Today’s Most Expensive Keywords in Search Engine Marketing

I’ve blogged before about the most expensive keywords in search engine marketing. Back in 2009, it was “mesothelioma.”

Of course, that was eight years and a lifetime ago in the world of cyberspace. In the meantime, asbestos poisoning has become a much less lucrative target of ambulance-chasing attorneys looking for multi-million dollar court settlements.

Today, we have a different set of “super-competitive” keyword terms vying for the notoriety of being the “most expensive” ones out there.  And while none of them are flirting with the $100 per-click pricing that mesothelioma once commanded, the pricing is still pretty stratospheric.

According to recent research conducted by online advertising software services provider WordStream, the most expensive keyword categories in Google AdWords today are these:

  • “Business services”: $58.64 average cost-per-click
  • “Bail bonds”: $58.48
  • “Casino”: $55.48
  • “Lawyer”: $54.86
  • “Asset management”: $49.86

Generally, the reasons behind these terms and other terms being so expensive is the dynamic of the “immediacy” of the needs or challenges people are looking to solve.

Indeed, other terms that have high-end pricing include such ones as “plumber,” “termites,” and “emergency room near me.”

Amusingly, one of the most expensive keywords on Google AdWords is … “Google” itself.  That term ranks 25th on the list of the most expensive keywords.

[To see the complete listing of the 25 most expensive keywords found in WordStream’s research, click here.]

WordStream also conducted some interesting ancillary research during the same study. It analyzed the best-performing ads copy/content associated with the most expensive key words to determine which words were the most successful in driving clickthroughs.

Running this textual analysis found that the most lucrative calls-to-action included ad copy that contained the following terms:

    • Build
    • Buy
    • Click
    • Discover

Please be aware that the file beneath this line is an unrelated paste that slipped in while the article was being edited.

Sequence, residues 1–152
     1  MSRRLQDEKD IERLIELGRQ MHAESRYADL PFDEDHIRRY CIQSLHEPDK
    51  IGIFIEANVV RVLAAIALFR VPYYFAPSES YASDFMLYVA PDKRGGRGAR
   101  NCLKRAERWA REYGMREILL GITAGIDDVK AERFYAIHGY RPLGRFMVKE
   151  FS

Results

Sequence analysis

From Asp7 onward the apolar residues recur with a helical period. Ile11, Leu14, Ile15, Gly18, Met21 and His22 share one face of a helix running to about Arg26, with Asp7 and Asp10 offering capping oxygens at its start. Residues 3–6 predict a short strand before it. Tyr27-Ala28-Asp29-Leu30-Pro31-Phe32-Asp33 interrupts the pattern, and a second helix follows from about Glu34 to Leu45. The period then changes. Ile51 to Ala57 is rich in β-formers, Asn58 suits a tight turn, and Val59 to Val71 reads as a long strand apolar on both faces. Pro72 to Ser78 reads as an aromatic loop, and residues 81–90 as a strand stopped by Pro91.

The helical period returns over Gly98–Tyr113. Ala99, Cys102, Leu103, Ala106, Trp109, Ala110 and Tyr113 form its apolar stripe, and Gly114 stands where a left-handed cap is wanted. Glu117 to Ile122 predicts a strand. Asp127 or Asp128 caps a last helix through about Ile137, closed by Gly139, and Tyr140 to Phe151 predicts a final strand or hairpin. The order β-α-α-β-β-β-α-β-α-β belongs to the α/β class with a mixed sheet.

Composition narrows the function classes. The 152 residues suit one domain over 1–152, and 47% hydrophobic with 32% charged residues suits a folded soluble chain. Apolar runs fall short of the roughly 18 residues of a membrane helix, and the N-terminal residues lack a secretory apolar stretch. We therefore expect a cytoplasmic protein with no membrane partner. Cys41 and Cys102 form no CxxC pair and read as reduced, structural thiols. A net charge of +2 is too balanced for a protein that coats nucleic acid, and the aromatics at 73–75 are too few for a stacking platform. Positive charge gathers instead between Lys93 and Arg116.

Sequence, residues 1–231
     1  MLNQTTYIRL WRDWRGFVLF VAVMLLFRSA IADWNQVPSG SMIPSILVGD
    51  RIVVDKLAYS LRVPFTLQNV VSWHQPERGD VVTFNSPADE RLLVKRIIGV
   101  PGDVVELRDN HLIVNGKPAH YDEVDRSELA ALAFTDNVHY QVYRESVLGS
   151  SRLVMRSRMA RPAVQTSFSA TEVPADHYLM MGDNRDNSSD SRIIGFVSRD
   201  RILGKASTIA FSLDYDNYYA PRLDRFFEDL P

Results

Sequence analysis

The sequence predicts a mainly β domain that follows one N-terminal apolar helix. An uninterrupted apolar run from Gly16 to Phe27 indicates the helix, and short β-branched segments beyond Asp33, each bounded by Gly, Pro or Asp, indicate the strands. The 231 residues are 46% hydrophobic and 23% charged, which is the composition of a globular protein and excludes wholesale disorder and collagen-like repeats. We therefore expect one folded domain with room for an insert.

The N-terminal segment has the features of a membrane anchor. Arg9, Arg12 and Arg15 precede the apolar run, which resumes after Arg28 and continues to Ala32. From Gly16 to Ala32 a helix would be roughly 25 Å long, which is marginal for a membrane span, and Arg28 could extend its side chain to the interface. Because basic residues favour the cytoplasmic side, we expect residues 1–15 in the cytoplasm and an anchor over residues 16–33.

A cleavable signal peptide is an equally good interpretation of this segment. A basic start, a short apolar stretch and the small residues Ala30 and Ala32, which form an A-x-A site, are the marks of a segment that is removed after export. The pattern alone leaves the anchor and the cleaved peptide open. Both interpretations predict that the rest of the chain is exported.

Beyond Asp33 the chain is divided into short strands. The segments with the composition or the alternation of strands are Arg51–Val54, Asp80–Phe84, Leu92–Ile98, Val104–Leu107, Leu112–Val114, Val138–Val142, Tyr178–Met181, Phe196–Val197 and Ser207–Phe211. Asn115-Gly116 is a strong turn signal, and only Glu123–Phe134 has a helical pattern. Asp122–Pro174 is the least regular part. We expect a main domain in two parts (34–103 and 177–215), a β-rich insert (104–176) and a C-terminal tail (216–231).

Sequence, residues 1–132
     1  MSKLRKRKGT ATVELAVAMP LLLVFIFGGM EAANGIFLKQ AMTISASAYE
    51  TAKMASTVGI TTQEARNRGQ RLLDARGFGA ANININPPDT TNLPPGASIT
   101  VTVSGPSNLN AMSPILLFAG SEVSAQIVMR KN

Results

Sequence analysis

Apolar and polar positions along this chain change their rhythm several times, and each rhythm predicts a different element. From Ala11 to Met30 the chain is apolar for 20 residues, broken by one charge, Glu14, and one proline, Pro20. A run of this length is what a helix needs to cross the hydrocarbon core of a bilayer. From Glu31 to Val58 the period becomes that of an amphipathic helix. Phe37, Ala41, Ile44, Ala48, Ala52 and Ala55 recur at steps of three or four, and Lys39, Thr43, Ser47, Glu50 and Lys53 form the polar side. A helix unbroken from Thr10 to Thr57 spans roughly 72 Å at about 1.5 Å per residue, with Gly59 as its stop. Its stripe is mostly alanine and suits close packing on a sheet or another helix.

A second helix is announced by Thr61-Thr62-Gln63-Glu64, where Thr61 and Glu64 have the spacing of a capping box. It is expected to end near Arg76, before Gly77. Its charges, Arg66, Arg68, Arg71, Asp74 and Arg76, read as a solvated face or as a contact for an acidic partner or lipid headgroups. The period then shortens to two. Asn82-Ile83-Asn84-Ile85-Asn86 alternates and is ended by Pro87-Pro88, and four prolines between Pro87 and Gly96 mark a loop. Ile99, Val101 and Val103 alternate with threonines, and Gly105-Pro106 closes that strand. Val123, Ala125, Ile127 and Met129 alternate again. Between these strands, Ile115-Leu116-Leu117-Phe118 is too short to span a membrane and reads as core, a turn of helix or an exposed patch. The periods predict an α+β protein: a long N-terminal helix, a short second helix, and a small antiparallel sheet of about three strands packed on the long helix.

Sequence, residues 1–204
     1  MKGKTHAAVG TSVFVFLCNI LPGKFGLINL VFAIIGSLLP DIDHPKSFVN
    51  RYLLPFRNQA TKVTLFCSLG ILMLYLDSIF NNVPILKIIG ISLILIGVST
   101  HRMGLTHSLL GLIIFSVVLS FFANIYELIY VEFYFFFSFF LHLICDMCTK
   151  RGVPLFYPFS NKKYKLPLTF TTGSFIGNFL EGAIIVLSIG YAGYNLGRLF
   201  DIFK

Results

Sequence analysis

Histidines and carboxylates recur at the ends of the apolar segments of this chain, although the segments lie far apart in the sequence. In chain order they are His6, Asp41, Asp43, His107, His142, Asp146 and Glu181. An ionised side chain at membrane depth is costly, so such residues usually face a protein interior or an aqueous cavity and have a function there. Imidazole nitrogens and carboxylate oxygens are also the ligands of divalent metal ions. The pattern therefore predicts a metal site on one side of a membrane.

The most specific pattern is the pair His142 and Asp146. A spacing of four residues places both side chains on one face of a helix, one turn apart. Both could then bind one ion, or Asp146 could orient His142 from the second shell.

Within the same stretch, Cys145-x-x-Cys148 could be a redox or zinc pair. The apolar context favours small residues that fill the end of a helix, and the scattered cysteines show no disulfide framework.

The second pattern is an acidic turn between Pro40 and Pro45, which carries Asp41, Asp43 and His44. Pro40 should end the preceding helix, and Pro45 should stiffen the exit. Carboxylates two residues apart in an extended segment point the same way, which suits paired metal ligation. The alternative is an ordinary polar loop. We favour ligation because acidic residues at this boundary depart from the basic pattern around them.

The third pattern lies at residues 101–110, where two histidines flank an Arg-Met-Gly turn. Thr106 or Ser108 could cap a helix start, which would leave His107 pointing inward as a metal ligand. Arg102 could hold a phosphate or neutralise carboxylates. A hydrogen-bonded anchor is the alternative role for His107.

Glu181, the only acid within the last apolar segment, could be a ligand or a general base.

• Get
    • Learn
    • Show
    • Sign up
    • Try

Are there keyword terms in your own business category or industry that you feel are way overpriced in relation to their value they deliver for the promotional dollar? If so, which ones?

Interesting ROI Trends in Direct Marketing

What’s happening in the world of direct marketing these days, and where is the best ROI to be found?

Certainly, a lot of inboxes are positively groaning under the sheer quantity of e-mail volume, and many people have responded by beefing up their spam filtering. But the most recent economic impact study conducted by research firm Global Insight for the Direct Marketing Association reports that commercial e-mail marketing delivers the best bang for the promotional buck – more than $43 for every dollar spent on it.

By comparison, ROI from Google AdWords and other paid search advertising activities generates about $22 for every dollar spent.

According to the analysis, postal direct mail initiatives deliver lower returns on investment — with catalogs returning just a little over $7 per dollar spent and other forms of postal direct mail around $15.

Depite its stellar ROI numbers, it is true that e-mail marketing is actually showing a slight drop in ROI. And that is forecast to continue to decline in the upcoming years, at least partially because of the reasons noted above. Even so, e-mail is forecast to deliver an ROI of ~$38 for every dollar invested in 2013.

Of course, it’s important to recognize that search marketing is where much of the heavy action is these days. Internet search drives ~$244 billion in sales as compared against a related cost of ~$11 billion.

Commercial e-mail? It drives just ~$26 billion in sales … although the cost to drive those sales is a relative pittance at ~$600 million.

And over on the postal side of the ledger, no one should be surprised to learn that direct mail expenditures, while still large at ~$44 billion, are down ~16% in just the past year alone.

[But you can look on the bright side: Your promo piece is going to be noticed a lot easier among the smaller stack of daily snail mail that’s being delivered!]

$100 cost-per-click on Google AdWords? It’s already here.

How much is one clickthrough to your web site worth? If you’re a legal firm specializing in bringing mesothelioma cases to court, it turns out it’s worth a lot.

In fact, the search term “mesothelioma” was the highest-priced keyword in the U.S. during the third quarter of 2009. That’s according to a recently-released AdGooroo Search Engine Advertising report.